Year of Youth: parish priests and leaders gather to prepare

Saturday 21 October 2017

Media and Communications Office

On Saturday 21 October, an enthused crowd met at Melbourne’s Catholic Leadership Centre to look ahead for the liturgical year of 2018, the ‘Year of Youth’, beginning 3 December 2017, the first Sunday of Advent.

Hosted by the Archdiocesan Office for Youth, the event was titled ‘The Year of Youth: in your parish’ and consisted of a series of workshops and keynote addresses from Bishop Mark Edwards and Dr Philip Hughes.

As described by the Australian Catholic Bishops Conference (ACBC), the Year of Youth ‘invites the church into dialogue about the importance and life-giving presence of young people in the Church and society.’

The day focussed on readying parishes with resources and information to prepare for an energised year that promises to inspire and engage Australia’s youth.
The World Youth Day 2008 song, 'Receive The Power' was performed as part of the event's opening ceremony.  
Bishop Edwards, the Episcopal Vicar for Tertiary Education and Youth, gave the first keynote to a 200 strong audience. He emphasised the importance of ‘Anointed and Sent’, a document initiated by the Australian Network of Diocesan Youth Ministry and developed by the ACBC, and one of the key themes for the Year of Youth. The document highlights Catholic Church Australia’s vision for ministry with young people aged 12-30.

Bishop Edwards encouraged the enthralled listeners to ‘take (Anointed and Sent) to your parish council. Take this to your youth leaders.’

He told the audience there was a need to accompany young people as they listen to what God is asking of them. Bishop Edwards turned to the example set by St Josephine Bahkita, who was sold into slavery at a young age before finding Christ once she had been set free.

‘“I wish I had known God when I was a slave,”’ said Bishop Edwards, recounting St Bahkita’s words to a friend. ‘It would have made an incredible difference to her in her life of mistreatment,’ he explained.

Next, Bishop Edwards referred to Servant of God Mary Glowrey JMJ as a source of inspiration for youth. He described Mary Glowrey’s ‘multileveled’ vocations as she became a medical professional and at 33 years old, sailed to India to lend urgently needed help to medial missionaries.

‘She might be the right person for young people to hear about,’ he added.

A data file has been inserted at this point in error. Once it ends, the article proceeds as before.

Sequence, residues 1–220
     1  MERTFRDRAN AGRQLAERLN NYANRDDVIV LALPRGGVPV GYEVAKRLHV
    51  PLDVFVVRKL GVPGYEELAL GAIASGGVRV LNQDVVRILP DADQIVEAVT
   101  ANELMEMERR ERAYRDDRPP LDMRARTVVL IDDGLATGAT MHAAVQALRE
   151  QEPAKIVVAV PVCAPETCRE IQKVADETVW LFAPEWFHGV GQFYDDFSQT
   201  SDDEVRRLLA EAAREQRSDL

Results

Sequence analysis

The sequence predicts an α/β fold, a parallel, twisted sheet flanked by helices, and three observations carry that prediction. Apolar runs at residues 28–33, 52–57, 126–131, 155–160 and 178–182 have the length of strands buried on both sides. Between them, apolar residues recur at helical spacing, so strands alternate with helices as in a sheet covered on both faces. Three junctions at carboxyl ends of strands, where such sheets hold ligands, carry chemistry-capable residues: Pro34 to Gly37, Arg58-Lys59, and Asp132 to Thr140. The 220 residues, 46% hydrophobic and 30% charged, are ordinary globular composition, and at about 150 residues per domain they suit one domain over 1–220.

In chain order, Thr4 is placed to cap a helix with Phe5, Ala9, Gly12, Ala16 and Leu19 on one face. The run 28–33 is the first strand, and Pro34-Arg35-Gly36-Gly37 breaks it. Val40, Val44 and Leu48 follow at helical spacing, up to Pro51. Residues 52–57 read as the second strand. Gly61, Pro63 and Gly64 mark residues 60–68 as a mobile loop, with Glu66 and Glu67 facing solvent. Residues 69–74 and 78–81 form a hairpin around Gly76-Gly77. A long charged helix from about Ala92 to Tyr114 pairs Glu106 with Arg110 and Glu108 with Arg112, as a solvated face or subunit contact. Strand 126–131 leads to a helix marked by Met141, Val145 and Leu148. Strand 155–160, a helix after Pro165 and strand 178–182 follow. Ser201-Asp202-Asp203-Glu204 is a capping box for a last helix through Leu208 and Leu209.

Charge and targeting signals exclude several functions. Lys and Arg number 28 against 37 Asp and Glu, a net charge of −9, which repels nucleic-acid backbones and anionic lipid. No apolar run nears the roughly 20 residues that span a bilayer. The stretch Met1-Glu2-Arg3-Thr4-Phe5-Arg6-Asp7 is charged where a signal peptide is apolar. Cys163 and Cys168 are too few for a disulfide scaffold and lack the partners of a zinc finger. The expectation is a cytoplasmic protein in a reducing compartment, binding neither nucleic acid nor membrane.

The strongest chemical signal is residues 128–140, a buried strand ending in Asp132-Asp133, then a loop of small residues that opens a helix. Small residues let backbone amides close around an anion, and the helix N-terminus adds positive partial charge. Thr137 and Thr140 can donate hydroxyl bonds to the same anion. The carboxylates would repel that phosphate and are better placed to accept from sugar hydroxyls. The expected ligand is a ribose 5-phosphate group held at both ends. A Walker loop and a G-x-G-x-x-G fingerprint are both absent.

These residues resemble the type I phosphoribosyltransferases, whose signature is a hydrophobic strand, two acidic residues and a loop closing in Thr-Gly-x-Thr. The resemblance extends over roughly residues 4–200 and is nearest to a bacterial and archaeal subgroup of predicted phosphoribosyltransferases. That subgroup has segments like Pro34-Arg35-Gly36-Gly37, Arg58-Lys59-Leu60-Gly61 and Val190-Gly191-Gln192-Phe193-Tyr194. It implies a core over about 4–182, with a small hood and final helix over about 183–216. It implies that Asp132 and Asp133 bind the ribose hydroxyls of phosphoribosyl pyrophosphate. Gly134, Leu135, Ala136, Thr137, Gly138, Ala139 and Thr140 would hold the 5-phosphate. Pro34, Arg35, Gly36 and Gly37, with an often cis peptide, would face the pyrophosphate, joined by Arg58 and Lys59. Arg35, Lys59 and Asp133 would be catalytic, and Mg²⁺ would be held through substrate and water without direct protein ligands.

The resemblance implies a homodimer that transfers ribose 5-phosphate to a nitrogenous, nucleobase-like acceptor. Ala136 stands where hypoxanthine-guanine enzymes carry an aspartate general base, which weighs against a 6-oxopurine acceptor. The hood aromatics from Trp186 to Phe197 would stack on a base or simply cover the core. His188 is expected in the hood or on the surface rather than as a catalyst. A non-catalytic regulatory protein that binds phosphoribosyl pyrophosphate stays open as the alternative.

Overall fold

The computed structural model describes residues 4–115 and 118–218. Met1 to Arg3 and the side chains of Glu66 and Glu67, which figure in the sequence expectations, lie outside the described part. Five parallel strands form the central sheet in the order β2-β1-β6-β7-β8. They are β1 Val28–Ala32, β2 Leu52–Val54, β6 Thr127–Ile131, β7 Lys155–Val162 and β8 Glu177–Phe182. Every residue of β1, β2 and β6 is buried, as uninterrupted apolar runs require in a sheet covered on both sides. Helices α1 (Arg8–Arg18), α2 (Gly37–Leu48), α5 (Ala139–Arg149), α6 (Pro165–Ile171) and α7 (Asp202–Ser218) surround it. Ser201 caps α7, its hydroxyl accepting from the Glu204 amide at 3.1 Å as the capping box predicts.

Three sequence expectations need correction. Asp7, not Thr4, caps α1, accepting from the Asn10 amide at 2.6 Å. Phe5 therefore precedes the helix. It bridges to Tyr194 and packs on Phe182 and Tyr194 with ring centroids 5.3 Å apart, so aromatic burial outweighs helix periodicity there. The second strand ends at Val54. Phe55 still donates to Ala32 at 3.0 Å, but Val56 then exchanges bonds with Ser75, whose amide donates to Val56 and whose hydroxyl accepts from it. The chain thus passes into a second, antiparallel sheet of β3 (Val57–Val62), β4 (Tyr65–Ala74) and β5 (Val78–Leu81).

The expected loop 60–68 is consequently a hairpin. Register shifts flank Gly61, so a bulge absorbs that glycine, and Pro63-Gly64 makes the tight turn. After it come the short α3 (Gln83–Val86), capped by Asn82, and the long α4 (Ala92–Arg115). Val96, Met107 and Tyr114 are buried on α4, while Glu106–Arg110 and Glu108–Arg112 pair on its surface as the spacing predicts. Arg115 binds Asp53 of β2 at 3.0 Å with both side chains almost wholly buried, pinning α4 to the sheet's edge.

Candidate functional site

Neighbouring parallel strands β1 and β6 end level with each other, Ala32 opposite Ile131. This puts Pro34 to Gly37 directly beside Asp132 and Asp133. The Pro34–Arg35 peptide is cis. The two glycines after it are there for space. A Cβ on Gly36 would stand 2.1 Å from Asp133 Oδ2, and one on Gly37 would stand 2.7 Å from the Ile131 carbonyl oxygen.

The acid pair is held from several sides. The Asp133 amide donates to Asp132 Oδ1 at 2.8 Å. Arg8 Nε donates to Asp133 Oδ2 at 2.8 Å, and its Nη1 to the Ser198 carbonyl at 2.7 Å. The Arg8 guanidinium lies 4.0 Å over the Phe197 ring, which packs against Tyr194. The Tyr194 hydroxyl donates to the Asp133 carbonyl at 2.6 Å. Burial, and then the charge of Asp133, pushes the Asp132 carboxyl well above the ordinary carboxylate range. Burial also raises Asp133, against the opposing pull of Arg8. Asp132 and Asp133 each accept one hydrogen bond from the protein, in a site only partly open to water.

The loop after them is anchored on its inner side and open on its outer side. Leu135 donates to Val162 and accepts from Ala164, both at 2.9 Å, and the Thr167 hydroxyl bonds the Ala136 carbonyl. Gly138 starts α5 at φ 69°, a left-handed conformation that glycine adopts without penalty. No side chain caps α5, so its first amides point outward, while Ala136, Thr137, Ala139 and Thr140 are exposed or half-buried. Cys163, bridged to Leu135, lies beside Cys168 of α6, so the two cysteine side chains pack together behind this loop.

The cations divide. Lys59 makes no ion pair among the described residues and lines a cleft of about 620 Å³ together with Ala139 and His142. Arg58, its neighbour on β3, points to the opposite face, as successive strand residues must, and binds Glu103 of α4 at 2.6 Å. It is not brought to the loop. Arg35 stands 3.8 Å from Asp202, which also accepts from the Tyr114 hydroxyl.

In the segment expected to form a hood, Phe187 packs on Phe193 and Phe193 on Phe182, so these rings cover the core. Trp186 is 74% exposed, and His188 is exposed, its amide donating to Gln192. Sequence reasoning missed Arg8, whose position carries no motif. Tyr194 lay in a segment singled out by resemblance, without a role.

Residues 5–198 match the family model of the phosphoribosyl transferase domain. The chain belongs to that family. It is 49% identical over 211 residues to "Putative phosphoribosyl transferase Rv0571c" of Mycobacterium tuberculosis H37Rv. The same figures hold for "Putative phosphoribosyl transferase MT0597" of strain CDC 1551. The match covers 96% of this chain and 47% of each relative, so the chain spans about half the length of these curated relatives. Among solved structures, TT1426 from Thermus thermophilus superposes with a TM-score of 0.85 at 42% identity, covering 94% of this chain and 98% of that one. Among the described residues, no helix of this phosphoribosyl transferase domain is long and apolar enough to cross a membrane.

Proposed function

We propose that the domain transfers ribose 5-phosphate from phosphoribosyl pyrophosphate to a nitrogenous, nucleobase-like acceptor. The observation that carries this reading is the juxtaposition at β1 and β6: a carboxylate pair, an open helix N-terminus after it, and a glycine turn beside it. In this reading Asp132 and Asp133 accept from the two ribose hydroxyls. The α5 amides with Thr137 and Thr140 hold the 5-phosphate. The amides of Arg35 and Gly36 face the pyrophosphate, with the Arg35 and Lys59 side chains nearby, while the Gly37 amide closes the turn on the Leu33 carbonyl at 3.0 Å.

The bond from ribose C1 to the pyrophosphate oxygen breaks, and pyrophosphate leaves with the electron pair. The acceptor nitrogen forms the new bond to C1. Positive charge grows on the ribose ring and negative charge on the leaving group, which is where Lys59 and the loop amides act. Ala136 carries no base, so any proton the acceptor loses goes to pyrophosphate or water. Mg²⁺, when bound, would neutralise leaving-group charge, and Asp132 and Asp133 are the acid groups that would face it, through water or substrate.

Bishop Mark Edwards, the Episcopal Vicar for Tertiary Education and Youth  
The second keynote came from Dr Philip Hughes, an author and formerly of the Christian Research Association. He discussed the various ways young people engage in ministry, as well as the need to welcome youth to the Church and the importance of intergenerational, dynamic parishes.

Dr Hughes discussed today’s youth experiencing challenges in finding meaning and that they are part of a society that since 2000, has recorded a statistical decline in the confidence of churches.

However, he celebrated that ‘there is an enthusiastic core of young people who are (involved in parishes).’

‘There are a lot of young people attending mass weekly, often involved in more than one parish as they seek relevant activities to be involved in,’ Dr Hughes said. ‘They are enthusiastic about their faith and they see it as relevant to their lives, although it is not always easy to apply faith to life.’

He concluded his speech emphasising the significance of fostering strong relationships with the youth in Australia’s parishes and encouraged young people to form their own sense of ownership to the Church.
 Dr Philip Hughes
Following the engaging addresses to launch the event, attendees dispersed into workshops to develop innovative strategies and exciting insights for the year ahead.

The workshops, separated into three, hour-long blocks throughout the afternoon, explored a variety of topics including: ‘the power of music’, ‘generation to generation: guidance for the parents of teenagers’ and ‘navigating tricky terrain: pastorally responding to today's hot topics’.

The event concluded with an address from Annaliese Ros, acting director of the Archdiocesan Office for Youth. Her speech set out a roadmap for the year ahead, delivering clarity and motivation to an audience that will lead their parishes to an inclusive and promising ‘Year of Youth’.

For more information on the Year of Youth, visit:

The workshops gave attendees a chance to focus on key areas for the Year of Youth. 
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